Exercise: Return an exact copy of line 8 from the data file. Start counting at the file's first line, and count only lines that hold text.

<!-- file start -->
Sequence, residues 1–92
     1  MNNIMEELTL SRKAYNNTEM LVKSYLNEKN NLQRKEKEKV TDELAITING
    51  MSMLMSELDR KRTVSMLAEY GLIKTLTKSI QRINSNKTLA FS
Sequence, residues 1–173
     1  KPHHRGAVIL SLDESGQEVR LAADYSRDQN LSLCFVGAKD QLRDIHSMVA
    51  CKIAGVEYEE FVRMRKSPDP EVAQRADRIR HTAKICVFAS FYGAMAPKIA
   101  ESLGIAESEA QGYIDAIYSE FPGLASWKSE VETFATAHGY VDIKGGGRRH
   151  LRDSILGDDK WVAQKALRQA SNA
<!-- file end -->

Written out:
   151  LRDSILGDDK WVAQKALRQA SNA